[rspec-users] How to approach testing automated processing
ben at benmabey.com
Sat Apr 18 19:49:58 EDT 2009
Zach Dennis wrote:
> On Sat, Apr 18, 2009 at 7:02 PM, James Byrne <lists at ruby-forum.com> wrote:
>> I have a requirement to fetch a data feed from our central bank and set
>> a variety of currency exchange rates from that feed. My question is how
>> does one approach behavioural driven design with autonomous automated
>> processing? What I started with is this:
>> Feature: Automatically Retrieve and Store Foreign Currency Exchange
>> In order to accurately set foreign currency exchange rates daily
>> The automated system
>> Should automatically retrieve and store central bank exchange rates
>> To Reduce Costs and Protect Revenue
>> Scenario: Retrieve Exchange Rates from the Bank of Canada RSS feed
>> Given an RSS feed
>> When I access the RSS feed
>> Then I should see "Bank of Canada: Noon Foreign Exchange Rates"
>> And I should see today's date in "yyyy-mm-dd" format
>> Now, while I have a pretty good idea how I am going to accomplish this,
>> via cron and a standalone Ruby script, I am sort of perplexed about how
>> I should construct the feature step definitions and how I would test
>> this. I figure I just have to take as given that cron works because
>> that is not my code. But how best to test that the rest works?
> I would probably approach it this way.
> - Make a local copy of the RSS feed you're expecting to import
> - Write a feature which specifies the command you want to run. This
> command would be the same command you used with cron. I would make it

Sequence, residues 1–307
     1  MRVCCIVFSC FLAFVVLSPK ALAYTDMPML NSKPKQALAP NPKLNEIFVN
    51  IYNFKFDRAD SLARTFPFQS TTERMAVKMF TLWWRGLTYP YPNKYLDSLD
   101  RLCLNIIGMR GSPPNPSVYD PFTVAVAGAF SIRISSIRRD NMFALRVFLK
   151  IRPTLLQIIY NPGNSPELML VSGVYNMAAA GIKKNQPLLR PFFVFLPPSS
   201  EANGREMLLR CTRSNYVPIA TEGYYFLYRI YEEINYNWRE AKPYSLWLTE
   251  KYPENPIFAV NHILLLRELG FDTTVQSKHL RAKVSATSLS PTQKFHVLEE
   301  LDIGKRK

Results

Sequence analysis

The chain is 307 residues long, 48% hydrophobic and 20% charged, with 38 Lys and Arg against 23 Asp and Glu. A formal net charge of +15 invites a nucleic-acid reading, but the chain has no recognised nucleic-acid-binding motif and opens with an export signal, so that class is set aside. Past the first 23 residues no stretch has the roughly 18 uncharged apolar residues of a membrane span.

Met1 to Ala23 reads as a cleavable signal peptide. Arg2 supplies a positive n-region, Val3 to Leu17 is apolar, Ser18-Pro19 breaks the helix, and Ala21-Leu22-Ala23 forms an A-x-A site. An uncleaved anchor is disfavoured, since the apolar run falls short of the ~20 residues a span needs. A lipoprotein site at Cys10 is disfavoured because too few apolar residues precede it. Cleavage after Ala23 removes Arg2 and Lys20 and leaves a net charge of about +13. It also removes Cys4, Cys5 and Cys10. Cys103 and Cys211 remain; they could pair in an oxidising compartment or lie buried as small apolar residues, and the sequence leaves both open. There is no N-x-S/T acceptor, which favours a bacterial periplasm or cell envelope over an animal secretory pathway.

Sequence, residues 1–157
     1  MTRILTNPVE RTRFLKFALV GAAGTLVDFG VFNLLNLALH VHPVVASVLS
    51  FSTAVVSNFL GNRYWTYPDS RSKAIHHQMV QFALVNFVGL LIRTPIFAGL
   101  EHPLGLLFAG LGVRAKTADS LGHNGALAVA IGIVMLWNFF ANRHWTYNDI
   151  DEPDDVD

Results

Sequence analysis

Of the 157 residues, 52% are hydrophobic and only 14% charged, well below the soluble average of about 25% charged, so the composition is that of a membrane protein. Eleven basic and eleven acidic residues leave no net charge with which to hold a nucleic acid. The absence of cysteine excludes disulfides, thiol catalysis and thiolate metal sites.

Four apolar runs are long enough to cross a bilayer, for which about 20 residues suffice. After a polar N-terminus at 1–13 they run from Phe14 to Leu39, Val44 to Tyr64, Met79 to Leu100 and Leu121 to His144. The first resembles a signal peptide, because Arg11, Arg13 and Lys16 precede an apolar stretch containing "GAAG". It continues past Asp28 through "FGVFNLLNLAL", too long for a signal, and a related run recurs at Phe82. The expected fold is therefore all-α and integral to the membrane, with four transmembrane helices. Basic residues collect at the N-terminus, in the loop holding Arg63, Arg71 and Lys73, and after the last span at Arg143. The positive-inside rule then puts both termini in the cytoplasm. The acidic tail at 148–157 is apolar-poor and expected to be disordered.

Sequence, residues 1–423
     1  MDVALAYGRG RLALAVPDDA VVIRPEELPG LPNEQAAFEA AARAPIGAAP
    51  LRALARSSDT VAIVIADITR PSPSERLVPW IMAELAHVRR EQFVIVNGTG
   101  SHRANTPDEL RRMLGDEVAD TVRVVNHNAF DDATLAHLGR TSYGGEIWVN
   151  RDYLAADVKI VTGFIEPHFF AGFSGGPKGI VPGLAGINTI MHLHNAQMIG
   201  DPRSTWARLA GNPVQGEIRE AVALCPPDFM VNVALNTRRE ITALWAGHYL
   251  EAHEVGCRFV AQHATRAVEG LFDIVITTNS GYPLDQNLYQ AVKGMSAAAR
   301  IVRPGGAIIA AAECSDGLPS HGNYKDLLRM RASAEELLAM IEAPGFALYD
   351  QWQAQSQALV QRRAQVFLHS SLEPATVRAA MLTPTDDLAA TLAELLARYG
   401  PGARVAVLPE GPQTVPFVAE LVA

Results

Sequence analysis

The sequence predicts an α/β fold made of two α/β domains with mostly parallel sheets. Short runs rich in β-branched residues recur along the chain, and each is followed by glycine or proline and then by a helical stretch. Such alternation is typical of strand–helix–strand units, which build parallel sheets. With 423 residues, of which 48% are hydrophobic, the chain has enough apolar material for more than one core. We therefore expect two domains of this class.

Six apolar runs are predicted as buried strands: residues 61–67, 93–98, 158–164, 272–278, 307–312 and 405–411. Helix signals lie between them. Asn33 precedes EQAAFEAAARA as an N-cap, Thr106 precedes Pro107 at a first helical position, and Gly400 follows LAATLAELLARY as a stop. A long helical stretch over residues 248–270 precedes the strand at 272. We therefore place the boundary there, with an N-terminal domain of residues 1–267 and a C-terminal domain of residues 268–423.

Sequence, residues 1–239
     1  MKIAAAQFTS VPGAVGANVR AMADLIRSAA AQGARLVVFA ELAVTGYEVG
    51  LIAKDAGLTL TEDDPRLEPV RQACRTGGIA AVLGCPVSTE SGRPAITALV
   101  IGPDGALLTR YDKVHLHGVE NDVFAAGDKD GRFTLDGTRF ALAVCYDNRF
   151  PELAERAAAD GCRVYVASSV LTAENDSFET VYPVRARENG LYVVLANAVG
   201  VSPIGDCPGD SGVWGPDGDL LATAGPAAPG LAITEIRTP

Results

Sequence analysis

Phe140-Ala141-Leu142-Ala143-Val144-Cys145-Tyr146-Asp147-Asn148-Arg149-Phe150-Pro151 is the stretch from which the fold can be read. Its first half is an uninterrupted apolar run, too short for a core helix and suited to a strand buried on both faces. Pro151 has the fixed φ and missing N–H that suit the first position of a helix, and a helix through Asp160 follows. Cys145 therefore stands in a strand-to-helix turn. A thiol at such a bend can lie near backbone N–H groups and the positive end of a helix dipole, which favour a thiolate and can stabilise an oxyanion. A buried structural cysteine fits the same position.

> take a path or URI as an argument.
> - Have the feature ensure the the right number of records were created
> based on your local copy of the feed
> - Drop down to RSpec and re-use the local copy of the feed to ensure
> that all of the little details (if you have little details) are
> properly imported
+1 I have done this in the past and it worked well. If you haven't
already checkout the fakeweb library for stubbing out the calls to
> When that is done I would probably write a feature that actually hits
> the Bank of Canada's site, and I would set this up to run on
> continuous integration only. Maybe using Cucumber tags or a directory
> structure, and a new rake task to help isolate CI only features from
> the rest.
> Now when I run features locally I can be very very confident
> everything works, and if CI fails one day because the Bank of Canada
> changed their format, now you know you need to pull over a new copy of
> the feed locally, and update your local features and specs.
> That general approach has worked well in the past (and I say past
> because before Cucumber existed I still wrote features/scenarios with
> StoryRunner, and before that my team had tooled its own ad hoc story
>> The automatic script will contain not much more than a list of the
>> external libraries a call to a methods in class that I have named
>> ForexCASource, loop through and map the returned array of hashes to the
>> corresponding CurrencyExchangeRate attributes of a new row, call #save!
>> and repeat until finished.
>> How have others handled this sort of thing?
>> Posted via http://www.ruby-forum.com/.
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